It is rare that an American president tells a Pakistani leader exactly what he wants to hear, and specifically something that causes some serious heartburn among the country’s estranged neighbours. This is what happened during Prime Minister Imran Khan’s visit to the United States – which looks like a successful trip.
President Donald Trump, in his remarks to the media before the start of the meeting with Prime Minister Khan at the Oval Office, expressed his desire for increasing bilateral trade with Pakistan and sharing the fruits of economic development achieved by his country (with Pakistan). He hinted at possible resumption of aid for the country and even offered mediation between Pakistan and India over Kashmir. He also accepted an invitation to visit Islamabad at “an appropriate time.”
All this came amidst a kind of bonhomie unusual at a Pakistan–US meeting, and one that sharply contrasted the acrimony which had become hallmark of bilateral ties over the past decade and more so after the announcement of President Trump’s Afghanistan strategy in August 2017. Was it just Imran Khan’s charisma or his Naya Pakistan’s allure that made Washington look at Pakistan very differently? Some would think so, but this was not the case.
Instead, it was Trump administration’s desperation to get out of Afghanistan that compelled it to look friendly towards Pakistan. If one looks back at the build up to the visit, one would reach the same conclusion. Trump did not conceal his reasons for being nice to the Pakistani delegation. It was sort of a dream summit between Pakistani and US leaders.
“I’ll let you know that very quickly. I’ll let you know. I mean, I’m going to know soon. It’s not going to be like a long-term thing. I figure things out very quickly,” Trump said when asked if he was satisfied with Pakistan’s contribution towards Afghan peace
“I think Pakistan is going to help us out to extricate ourselves,” he told media persons. Then see what PM Khan said towards the conclusion of his visit: “I want to assure President Trump that Pakistan will do everything within its power to facilitate the Afghan peace process,” Khan tweeted. At the White House earlier, he said: “We hope that in the coming days we will be able to urge the Taliban to speak to the Afghan government and come to a settlement — a political solution.”
This leaves little doubt that US wants unequivocal assistance from Pakistan in converting the progress made so far in the US–Taliban talks, under a process facilitated by Islamabad, into a tangible deal. By getting it implemented, the US could finally “extricate” itself from the 18-year-long war.
What was offered to Pakistan in return? Trade, aid, and mediation over Kashmir: one can’t ignore the fact that while Trump has put all his cards on the table, Pakistan will have to earn it by delivering on the US goal of a political settlement in Afghanistan.
Here, I must point out Trump’s answer on a question on aid resumption: he first recalled the circumstances in which it was stopped and plainly said that it can be restored. “But all of that can come back, depending on what we work out. We’re working out things that are very important. We have a very — I consider this very important. We’re working out things that are very, very important,” he said. In other words, the president said: “get us the deal with Taliban and take the aid.” He said similar things about trade, when he mentioned the immense potential that exists. He went on to say that it, too, was linked to peace.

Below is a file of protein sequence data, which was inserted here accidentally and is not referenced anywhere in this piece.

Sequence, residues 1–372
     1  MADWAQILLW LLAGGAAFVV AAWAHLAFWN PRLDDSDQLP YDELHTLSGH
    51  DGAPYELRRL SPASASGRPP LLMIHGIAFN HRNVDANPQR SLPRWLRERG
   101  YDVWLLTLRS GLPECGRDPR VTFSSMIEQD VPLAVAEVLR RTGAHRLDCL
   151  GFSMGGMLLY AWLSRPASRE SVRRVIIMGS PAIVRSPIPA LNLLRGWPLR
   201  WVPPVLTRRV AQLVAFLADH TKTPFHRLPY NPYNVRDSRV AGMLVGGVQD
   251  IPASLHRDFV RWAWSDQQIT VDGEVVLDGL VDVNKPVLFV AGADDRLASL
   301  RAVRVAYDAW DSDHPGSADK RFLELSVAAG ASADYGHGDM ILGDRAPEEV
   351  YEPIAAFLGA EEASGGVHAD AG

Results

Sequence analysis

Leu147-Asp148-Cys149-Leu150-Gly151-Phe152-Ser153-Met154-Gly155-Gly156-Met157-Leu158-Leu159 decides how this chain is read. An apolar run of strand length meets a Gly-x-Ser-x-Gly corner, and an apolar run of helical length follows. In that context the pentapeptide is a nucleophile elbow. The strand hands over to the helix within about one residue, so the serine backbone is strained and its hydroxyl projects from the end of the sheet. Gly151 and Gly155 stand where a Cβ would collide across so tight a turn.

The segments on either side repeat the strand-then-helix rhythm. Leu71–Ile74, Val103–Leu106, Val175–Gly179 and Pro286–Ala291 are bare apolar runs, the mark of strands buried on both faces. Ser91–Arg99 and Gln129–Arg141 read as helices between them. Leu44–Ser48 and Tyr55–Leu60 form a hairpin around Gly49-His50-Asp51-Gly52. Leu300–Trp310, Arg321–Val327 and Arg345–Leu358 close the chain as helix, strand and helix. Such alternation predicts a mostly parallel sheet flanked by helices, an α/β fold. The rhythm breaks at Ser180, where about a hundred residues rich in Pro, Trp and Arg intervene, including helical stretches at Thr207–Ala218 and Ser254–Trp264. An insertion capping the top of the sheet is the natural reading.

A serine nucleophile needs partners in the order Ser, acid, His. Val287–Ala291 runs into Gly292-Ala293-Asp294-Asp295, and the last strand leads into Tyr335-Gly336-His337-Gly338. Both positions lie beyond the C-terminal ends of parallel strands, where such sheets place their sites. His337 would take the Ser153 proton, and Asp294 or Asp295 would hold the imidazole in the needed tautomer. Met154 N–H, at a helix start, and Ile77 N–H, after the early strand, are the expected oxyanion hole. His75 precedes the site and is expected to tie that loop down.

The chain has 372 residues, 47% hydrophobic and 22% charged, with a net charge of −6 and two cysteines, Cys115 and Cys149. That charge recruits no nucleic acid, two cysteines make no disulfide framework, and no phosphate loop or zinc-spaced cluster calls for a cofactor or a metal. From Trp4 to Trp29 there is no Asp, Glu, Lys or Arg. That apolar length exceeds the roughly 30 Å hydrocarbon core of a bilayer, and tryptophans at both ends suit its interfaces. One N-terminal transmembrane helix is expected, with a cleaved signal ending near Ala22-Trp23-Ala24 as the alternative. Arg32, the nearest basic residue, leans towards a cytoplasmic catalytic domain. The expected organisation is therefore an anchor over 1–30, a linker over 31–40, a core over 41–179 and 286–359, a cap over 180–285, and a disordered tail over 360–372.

The revival of a high-level bilateral dialogue should have provided a good foundation for sustainable engagement. The two countries already have a forum under which foreign ministers regularly met to review ties and discuss ways for strengthening them, but it has been dysfunctional for the last four years. We did not hear anything about its restoration. Instead, the two sides agreed “to establish a mechanism to follow-up on the understandings reached,” according to Pakistan’s Foreign Office. This is definitely not a substitute for a regular high level dialogue.
The two sides also did not issue a joint statement to reflect common points on which they agreed to move forward.
Trump acknowledged that Pakistan was helping achieving peace in Afghanistan and had the capacity to do more. However, at the same time he looked cautious, if not circumspect. “I’ll let you know that very quickly. I’ll let you know. I mean, I’m going to know soon. It’s not going to be like a long-term thing. I figure things out very quickly,” he said in response to a question if he was satisfied with Pakistani contribution towards Afghan peace.
In theory, things look set for some fruitful cooperation because it has been Pakistan’s long-held position that peace in Afghanistan can come through a political settlement, and that there cannot be a military solution. The Americans, after losing thousands of soldiers and nearly one and half trillion dollars in Afghanistan, have also come around and are ready for a deal.
Yet, as they say, there are many a slip between the cup and the lip; peace in Afghanistan is not going to be as simple as it appears. First, the war economy will be the biggest impediment to peace. Second, the current political situation in Afghanistan is too tenuous for any reasonable confidence that a power-sharing formula among the Afghans will hold. The fear is that if things in Afghanistan do not go the way Trump wants, the “warm and gracious hospitality” that Khan enjoyed during his visit to the White House could evaporate fast. One can only hope that PM Khan candidly cautioned President Trump about the potential challenges that they could face.
The writer is a senior researcher at Islamabad Policy Institute. She can be reached at firstname.lastname@example.org